At one point over the weekend, I was lying on the floor whispering obscenities into the carpet. It wasn't as dramatic as it sounds. I was already on the ground, hovering over a big, rolled out piece of brown paper, and reviewing scribbled notes.
For the past month, I've spent my Saturdays submerged in memoir writing. I don't talk about it much on the blog anymore, because my intention isn't to take you into the nitty gritty details of the process.
I might not even have a process. If I wrote a page for every time I said "I don't know what the hell I'm doing", I'd certainly feel more productive. I've spent a lot of time at the laptop—writing actual words—but I've also been down on the floor, sketching out the story on paper. I need to see it. Holding it all in my head hurts my head.
So at one point, I set down my pen and rested my hurting head on the floor. "This is so effing hard," I said out loud, to myself.
Then, I got up and got back to work.
I decided that I wanted to share this scene from my behind-the-scenes life with you, because of what it's teaching me about my life as a whole. I'm learning that:
Our first instincts may really, actually be correct. I rocked my world recently when I returned to some early ideas about how the opening chapters of the book should unfold, pulling from scenes I'd written four years ago.
Just because we can trust our instincts doesn't mean we know everything. Those early drafts had lots of issues that needed to be untangled. I had a lot to learn. I still do.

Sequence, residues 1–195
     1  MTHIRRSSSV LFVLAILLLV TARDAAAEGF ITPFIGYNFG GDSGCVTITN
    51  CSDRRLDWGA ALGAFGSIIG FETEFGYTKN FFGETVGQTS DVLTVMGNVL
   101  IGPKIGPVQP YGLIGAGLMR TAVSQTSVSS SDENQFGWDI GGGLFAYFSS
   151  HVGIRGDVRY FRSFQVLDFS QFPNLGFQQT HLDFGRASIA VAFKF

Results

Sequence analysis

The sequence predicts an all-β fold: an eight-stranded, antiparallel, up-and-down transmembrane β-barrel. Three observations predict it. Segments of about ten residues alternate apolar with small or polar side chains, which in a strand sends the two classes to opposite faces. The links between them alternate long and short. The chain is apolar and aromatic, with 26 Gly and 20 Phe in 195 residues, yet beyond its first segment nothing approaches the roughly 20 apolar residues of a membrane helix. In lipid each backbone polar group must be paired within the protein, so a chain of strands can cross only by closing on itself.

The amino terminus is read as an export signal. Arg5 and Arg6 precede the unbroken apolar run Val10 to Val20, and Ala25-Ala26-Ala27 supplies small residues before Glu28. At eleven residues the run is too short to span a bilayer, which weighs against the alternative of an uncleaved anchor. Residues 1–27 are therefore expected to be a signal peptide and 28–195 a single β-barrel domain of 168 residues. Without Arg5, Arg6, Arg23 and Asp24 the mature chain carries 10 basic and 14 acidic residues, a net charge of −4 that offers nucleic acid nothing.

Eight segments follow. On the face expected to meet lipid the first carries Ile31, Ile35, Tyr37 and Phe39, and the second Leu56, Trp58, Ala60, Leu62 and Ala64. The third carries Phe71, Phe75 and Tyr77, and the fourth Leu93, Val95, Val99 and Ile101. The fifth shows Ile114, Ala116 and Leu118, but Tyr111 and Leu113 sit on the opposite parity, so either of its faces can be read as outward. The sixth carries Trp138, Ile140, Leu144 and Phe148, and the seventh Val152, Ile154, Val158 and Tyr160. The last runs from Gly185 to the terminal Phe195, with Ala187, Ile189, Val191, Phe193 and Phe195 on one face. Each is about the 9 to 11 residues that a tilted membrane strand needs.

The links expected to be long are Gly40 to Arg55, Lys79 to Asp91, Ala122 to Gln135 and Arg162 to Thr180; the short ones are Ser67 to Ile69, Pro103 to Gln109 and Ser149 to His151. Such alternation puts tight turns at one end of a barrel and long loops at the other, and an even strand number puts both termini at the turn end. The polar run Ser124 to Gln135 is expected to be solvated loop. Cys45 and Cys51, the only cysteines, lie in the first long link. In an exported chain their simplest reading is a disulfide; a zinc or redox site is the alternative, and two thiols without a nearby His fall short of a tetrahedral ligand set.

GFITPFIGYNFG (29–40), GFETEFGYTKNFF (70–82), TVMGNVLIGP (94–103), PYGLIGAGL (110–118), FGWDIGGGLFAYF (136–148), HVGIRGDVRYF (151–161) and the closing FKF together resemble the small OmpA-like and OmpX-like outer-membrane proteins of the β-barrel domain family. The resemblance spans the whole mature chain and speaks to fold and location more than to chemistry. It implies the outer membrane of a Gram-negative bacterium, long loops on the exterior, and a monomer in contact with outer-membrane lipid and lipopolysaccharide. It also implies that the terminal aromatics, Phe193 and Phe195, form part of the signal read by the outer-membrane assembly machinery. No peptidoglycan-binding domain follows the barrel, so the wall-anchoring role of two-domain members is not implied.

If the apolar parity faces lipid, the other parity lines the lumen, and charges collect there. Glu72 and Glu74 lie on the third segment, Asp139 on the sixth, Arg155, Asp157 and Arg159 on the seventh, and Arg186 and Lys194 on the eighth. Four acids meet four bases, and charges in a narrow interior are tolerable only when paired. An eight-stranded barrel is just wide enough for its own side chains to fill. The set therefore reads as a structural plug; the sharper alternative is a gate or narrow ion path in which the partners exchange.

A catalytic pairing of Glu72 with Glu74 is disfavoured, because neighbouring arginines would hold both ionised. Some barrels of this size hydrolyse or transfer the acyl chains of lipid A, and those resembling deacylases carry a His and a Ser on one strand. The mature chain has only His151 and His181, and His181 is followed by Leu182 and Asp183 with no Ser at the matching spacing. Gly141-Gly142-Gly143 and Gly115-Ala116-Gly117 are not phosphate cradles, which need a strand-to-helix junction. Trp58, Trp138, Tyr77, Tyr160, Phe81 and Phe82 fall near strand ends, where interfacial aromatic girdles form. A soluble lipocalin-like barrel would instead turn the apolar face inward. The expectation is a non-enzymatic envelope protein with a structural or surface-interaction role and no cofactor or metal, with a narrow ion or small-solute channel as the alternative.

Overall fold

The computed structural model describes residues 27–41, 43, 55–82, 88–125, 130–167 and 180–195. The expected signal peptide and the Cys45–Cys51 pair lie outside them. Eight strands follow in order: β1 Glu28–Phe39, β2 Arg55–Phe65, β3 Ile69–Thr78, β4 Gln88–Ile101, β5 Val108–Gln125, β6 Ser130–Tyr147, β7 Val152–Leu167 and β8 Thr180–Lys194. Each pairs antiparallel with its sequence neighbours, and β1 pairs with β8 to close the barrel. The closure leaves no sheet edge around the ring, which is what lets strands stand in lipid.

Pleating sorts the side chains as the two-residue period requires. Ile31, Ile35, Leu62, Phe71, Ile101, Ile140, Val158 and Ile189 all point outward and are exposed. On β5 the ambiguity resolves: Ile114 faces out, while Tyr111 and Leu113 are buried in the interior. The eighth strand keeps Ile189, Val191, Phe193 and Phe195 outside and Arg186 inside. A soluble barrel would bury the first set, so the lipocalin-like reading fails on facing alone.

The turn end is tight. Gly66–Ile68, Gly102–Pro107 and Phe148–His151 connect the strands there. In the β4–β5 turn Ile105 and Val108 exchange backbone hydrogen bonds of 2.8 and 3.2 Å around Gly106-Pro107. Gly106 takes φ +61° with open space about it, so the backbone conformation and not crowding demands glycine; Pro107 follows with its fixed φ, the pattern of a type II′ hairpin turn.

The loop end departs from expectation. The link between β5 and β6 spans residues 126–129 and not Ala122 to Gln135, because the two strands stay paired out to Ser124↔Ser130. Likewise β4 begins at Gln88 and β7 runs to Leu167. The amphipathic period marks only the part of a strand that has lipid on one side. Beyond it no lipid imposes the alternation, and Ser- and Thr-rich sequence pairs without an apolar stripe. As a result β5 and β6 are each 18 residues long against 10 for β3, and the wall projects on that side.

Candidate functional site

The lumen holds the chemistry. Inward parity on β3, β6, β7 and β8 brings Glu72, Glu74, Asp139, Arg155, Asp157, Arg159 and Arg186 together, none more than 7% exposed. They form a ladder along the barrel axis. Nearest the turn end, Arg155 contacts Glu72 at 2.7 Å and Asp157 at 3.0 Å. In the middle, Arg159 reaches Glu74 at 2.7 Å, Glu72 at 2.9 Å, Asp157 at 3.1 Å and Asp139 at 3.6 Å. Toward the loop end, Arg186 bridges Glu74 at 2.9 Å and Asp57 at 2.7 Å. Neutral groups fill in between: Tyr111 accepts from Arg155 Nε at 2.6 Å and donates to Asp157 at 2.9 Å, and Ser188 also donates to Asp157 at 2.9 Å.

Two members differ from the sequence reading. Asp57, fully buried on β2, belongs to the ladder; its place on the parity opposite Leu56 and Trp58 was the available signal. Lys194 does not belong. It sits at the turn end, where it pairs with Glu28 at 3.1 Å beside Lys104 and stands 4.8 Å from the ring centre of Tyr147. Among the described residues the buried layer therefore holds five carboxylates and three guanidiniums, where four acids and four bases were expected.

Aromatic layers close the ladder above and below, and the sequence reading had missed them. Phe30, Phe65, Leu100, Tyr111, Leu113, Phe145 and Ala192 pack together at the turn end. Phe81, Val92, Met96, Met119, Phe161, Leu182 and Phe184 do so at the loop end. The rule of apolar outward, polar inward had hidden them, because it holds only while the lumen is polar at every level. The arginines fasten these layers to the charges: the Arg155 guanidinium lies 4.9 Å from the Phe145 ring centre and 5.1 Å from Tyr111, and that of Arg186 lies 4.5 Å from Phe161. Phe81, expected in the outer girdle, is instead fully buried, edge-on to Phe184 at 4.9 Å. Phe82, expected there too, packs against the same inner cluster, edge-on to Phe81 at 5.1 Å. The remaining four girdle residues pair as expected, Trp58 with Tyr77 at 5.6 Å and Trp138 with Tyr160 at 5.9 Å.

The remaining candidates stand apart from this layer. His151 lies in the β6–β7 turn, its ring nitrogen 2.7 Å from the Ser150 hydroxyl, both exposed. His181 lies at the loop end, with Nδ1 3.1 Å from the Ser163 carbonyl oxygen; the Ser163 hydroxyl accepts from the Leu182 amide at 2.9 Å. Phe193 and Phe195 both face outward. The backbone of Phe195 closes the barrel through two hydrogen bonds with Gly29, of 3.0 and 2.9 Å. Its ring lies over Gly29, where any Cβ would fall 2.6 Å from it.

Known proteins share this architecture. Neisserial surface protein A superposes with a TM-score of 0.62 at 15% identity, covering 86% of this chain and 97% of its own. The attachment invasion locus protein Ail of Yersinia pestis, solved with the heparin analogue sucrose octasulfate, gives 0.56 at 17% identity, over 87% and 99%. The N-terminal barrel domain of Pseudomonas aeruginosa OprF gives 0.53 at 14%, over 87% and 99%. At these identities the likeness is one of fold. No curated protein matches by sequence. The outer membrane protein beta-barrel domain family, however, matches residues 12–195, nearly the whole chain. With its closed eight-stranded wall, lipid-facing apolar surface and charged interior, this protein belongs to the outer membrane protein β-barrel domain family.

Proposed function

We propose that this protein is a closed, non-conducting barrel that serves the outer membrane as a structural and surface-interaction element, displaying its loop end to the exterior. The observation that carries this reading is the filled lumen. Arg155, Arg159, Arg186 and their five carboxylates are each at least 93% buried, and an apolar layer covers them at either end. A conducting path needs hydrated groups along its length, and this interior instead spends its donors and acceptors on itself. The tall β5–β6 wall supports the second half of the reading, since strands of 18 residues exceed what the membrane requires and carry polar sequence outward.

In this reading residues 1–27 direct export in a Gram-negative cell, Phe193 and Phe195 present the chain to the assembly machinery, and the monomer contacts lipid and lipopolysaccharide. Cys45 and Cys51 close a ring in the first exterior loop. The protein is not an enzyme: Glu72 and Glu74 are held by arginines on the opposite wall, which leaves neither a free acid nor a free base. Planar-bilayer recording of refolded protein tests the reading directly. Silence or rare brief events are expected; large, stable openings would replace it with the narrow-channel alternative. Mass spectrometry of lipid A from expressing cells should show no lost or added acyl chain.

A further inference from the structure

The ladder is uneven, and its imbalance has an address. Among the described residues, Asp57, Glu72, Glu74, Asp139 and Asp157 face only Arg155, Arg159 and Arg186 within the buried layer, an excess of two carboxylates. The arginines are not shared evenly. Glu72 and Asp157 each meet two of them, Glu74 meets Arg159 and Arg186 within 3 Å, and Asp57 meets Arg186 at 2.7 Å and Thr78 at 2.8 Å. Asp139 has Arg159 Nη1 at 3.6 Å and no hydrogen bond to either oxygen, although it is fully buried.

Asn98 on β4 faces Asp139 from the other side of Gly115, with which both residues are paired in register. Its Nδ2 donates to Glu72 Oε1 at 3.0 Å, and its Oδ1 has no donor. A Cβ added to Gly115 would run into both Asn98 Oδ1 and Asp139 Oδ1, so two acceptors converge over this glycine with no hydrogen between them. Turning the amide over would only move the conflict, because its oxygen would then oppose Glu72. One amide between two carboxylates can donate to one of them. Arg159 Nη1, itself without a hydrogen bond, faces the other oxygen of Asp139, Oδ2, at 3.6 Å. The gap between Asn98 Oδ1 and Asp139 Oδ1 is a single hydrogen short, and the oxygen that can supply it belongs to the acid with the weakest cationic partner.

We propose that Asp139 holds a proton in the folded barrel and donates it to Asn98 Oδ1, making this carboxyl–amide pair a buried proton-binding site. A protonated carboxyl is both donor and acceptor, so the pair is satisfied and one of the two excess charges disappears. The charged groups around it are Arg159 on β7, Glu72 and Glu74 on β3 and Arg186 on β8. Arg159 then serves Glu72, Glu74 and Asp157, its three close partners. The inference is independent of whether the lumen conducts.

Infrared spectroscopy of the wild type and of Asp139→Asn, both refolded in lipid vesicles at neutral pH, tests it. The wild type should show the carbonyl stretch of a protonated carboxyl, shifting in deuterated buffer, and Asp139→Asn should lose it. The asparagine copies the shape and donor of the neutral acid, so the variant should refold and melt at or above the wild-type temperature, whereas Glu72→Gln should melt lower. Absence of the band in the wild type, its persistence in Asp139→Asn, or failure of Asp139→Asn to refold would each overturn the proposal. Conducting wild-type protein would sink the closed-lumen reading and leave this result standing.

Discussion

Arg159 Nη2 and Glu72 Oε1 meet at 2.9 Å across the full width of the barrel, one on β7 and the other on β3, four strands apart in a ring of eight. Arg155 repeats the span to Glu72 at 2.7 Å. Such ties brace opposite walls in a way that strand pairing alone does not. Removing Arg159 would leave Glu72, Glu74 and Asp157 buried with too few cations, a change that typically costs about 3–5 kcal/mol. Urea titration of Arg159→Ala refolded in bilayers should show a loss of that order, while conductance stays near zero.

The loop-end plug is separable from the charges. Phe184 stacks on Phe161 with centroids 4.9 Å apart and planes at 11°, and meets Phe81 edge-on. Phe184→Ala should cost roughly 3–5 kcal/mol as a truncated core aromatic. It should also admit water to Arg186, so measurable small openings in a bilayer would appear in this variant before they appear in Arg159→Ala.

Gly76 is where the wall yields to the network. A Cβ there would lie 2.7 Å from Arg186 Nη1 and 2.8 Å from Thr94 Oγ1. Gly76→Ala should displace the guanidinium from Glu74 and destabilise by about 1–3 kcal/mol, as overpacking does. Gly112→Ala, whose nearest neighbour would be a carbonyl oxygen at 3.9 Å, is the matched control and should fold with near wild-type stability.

When a situation gets really hard, or when I feel like I'm trying too hard, that's always a red flag for me. It might be a sign that it's time to let go. But I can't let this go. I've hypothetically pretended to let it go many times. Even the thought of quitting doesn't bring relief.
This is what love looks like. Not love of success, or accomplishment, or love of any external thing... but the real, lasting kind. The kind I'm willing to hold on to, the kind that holds on to me.
The relief comes when I get up and get back to work. And if working on something—to the point that my head hurts and I curse into the carpet—teaches me how to live better and to love to better, then every single bit of it is worth it.
In other news: Guess who's two? It also means it's been two years since I gave you a peek inside the butterfly garden, got rid of my little car, and wrote a rap song. That's the latest from the Year in Pictures.
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